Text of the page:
It was Pitmans’ position that the court should disallow the substitution on the grounds of delay and the consequent prejudice to Pitmans. Further, it was submitted that, if the court held that Pitmans did not have standing to set aside the orders extending time, that was a powerful reason to disallow Pitmans substitution under CPR 17.2.

The court reviewed similar case law, before ultimately noting that each case was fact dependant. Of relevance in this instance were the following points:

  • The court had already found that the delays were “not caused by dilatoriness on the part of the claimant”. It also noted that, although the claim was served on Pitmans some 14- 15 years after the alleged negligence took place, “that is not a particularly unusual feature in a case in which reliance is placed on the extended time limit for bringing a negligence claim under s. 14A” (at paragraph 121).
  • Pitmans submitted that there were steps that the claimants could have taken to identify the correct defendant sooner. While the court agreed that there were steps that could have been taken, those were identifiable with the benefit of hindsight. In the circumstances, it did not consider the explanations provided by the claimants as to why the issue was not identified sooner as either “implausible or unreasonable”. It noted that issue was not identified by either the originally named defendant nor their solicitors (who were also Pitmans solicitors), but by the claimant’s solicitors (at paragraph 123).
  • It was important that the defendants that had been variously named on the claim form were “represented by the same set of solicitors, and are also covered by the same insurers. The situation is therefore precisely the same as in Insight v Kingston, in that the commercial reality is that the substitution of Pitmans will make no difference to the defence of the claim” (at paragraph 124).
  • It was conspicuously absent from Pitmans’ submissions that the passage of time had negatively impacted its ability to obtain evidence defend the claim (at paragraph 125).

Mrs Justice Bacon went on to conclude at paragraphs 127 – 129:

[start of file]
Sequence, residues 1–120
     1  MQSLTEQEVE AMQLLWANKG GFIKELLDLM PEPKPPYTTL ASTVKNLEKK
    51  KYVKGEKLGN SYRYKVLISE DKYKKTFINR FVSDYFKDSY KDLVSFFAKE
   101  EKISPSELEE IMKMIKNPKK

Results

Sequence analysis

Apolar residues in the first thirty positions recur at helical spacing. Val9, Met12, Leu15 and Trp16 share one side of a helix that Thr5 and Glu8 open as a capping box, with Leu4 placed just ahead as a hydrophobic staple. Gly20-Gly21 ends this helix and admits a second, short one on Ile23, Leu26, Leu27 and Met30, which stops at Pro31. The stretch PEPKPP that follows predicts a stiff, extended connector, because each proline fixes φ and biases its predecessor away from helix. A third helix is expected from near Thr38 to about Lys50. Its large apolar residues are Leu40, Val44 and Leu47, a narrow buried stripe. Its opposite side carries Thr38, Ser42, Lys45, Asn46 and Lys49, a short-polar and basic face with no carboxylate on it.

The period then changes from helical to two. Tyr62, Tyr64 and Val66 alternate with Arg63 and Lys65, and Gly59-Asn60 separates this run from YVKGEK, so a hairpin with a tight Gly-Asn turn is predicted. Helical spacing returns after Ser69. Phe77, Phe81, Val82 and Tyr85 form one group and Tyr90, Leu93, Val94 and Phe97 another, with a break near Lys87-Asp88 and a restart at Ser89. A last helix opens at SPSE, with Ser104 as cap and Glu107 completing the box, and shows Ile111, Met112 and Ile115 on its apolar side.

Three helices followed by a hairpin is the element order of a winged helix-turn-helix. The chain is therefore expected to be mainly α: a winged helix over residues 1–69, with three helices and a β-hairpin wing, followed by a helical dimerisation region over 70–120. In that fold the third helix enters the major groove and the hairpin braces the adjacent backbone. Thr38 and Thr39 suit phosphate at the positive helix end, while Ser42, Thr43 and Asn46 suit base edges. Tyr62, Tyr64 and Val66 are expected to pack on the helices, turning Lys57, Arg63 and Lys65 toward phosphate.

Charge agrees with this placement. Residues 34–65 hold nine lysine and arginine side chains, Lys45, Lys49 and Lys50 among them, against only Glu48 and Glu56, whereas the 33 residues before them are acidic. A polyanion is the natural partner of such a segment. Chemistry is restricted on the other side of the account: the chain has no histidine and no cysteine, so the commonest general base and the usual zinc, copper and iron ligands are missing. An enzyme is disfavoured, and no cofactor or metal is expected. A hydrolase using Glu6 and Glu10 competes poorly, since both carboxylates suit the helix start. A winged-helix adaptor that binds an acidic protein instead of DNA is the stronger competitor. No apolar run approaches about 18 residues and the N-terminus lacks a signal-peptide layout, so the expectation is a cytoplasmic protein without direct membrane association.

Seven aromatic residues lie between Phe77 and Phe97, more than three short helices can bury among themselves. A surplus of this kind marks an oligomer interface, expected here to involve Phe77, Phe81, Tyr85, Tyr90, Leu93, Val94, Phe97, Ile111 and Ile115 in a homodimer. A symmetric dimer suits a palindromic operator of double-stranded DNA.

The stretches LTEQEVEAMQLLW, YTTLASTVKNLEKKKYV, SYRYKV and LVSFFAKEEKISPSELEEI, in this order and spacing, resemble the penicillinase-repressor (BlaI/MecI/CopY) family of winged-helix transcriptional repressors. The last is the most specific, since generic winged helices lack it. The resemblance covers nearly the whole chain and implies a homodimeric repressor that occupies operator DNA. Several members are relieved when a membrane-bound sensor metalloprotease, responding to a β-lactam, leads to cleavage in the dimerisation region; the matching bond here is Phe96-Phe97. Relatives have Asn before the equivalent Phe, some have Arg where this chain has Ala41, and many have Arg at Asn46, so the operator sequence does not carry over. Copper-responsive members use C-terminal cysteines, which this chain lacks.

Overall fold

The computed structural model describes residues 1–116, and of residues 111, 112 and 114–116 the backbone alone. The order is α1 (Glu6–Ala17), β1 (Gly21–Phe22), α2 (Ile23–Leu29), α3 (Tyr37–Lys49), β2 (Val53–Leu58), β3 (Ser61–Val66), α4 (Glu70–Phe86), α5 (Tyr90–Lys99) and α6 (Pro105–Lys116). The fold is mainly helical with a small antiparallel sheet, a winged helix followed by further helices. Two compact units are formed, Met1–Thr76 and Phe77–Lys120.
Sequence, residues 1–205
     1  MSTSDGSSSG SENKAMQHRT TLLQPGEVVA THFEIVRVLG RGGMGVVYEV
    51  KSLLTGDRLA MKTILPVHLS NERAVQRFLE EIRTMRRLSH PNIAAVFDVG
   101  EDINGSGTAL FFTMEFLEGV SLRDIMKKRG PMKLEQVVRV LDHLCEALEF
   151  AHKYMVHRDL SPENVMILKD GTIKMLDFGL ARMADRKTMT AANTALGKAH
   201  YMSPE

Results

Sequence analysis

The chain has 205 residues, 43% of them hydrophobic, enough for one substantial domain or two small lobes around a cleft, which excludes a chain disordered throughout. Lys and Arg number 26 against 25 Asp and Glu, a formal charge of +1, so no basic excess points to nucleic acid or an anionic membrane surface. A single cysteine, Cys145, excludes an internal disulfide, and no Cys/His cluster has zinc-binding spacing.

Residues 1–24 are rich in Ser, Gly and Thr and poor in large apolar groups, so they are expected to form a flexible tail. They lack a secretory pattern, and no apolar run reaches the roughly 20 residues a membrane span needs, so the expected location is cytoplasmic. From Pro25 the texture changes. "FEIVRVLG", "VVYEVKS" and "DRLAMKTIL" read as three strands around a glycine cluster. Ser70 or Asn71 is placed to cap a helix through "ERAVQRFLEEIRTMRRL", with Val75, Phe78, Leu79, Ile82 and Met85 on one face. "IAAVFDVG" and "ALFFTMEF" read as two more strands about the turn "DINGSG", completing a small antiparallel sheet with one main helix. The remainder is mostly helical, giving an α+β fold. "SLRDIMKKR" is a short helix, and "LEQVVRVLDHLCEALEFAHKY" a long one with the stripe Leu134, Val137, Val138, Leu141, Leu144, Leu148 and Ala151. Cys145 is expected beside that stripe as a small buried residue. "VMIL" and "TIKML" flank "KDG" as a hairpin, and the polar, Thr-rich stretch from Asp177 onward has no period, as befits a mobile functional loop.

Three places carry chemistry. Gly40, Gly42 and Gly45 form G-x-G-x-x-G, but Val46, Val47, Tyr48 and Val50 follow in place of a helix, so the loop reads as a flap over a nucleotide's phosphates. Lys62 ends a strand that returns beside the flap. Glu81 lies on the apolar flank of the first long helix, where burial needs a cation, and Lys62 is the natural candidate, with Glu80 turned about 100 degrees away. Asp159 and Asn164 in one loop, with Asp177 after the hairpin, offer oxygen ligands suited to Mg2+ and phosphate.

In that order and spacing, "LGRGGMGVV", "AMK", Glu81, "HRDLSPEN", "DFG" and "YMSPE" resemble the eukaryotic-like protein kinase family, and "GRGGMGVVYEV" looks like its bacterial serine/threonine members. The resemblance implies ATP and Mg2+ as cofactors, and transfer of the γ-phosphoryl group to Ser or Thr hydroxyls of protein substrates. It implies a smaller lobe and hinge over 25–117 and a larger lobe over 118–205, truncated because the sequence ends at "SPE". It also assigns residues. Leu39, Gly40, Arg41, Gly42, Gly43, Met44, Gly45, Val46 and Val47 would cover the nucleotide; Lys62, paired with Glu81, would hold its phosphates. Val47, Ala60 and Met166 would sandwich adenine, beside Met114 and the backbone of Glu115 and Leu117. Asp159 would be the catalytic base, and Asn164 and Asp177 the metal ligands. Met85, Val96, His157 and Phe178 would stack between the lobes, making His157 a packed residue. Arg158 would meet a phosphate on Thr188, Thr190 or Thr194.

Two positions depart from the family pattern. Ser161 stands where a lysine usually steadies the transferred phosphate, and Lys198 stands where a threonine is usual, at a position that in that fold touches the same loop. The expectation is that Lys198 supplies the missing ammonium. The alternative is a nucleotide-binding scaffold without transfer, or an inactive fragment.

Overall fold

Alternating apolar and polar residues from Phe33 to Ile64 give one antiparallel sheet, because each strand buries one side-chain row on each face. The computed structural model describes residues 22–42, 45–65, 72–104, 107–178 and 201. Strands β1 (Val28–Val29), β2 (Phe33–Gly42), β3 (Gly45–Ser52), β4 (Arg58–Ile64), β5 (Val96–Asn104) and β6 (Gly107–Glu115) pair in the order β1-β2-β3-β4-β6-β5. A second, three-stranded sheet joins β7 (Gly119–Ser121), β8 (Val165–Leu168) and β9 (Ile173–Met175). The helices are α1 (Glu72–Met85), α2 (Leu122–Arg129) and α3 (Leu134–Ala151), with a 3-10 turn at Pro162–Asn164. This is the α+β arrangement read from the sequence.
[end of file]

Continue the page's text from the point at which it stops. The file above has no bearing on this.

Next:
In all of these circumstances Mr Wood’s submission that the partners of Pitmans should “not be vexed” by this matter goes nowhere. Most defendants do not wish to be vexed by a claim against them. That is not a reason to disallow the substitution of a defendant. What is relevant is whether the substitution of the defendant causes any real prejudice to that defendant, over and above the normal consequences for any defendant who has to address a claim made against it. None has been identified.

Nor does Pitmans’ inability to apply to set aside the extension of time orders assist it in this regard. This is not a situation where Pitmans is materially prejudiced by orders which were improperly made but which it is unable to challenge. Rather, for the reasons set out above, those orders were properly made and Pitmans is unable to demonstrate that they have led to any relevant prejudice to its position.

In conclusion on the final issue, therefore, I do not consider that it would be appropriate to exercise my discretion to disallow the substitution of Pitmans pursuant to r. 17.2. This is a claim which the claimants have pursued with reasonable diligence, and the delays have largely not been of their making. BDBP, the successor to Pitmans, has been aware of the claim since June 2021, and a single set of solicitors and single insurer stands behind both the former and the new defendants to the proceedings. No real prejudice has been identified as arising from the substitution of Pitmans as the correct defendant. In all the circumstances it is clearly in the interests of justice for the claim to be allowed to proceed against Pitmans. Any contrary conclusion would give Pitmans an unjustified windfall.

Conclusion

The approaches taken by the judge in relation to the various issues raised had common threads of fairness and common sense, and have provided helpful guidance on a number of technicalities.

About the Author

Kerry Nicholson takes instructions across all of chambers’ core areas. Prior to joining Chambers Kerry worked for the Government Legal Department working across a variety of departments in both litigation and advisory roles. She is now enjoys working within the team on travel related and other claims.

Featured Counsel

Kerry Nicholson

Call 2015